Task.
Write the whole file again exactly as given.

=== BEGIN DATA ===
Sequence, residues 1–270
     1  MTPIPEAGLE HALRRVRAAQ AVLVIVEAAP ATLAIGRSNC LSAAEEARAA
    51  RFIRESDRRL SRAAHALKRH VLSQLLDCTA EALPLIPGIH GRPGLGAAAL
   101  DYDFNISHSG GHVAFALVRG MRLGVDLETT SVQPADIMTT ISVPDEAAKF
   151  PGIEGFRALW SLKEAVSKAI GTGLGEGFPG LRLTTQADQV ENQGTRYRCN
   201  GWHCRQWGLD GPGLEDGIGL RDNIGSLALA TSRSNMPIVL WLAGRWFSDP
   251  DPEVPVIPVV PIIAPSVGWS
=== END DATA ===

Sequence, residues 1–270
     1  MTPIPEAGLE HALRRVRAAQ AVLVIVEAAP ATLAIGRSNC LSAAEEARAA
    51  RFIRESDRRL SRAAHALKRH VLSQLLDCTA EALPLIPGIH GRPGLGAAAL
   101  DYDFNISHSG GHVAFALVRG MRLGVDLETT SVQPADIMTT ISVPDEAAKF
   151  PGIEGFRALW SLKEAVSKAI GTGLGEGFPG LRLTTQADQV ENQGTRYRCN
   201  GWHCRQWGLD GPGLEDGIGL RDNIGSLALA TSRSNMPIVL WLAGRWFSDP
   251  DPEVPVIPVV PIIAPSVGWS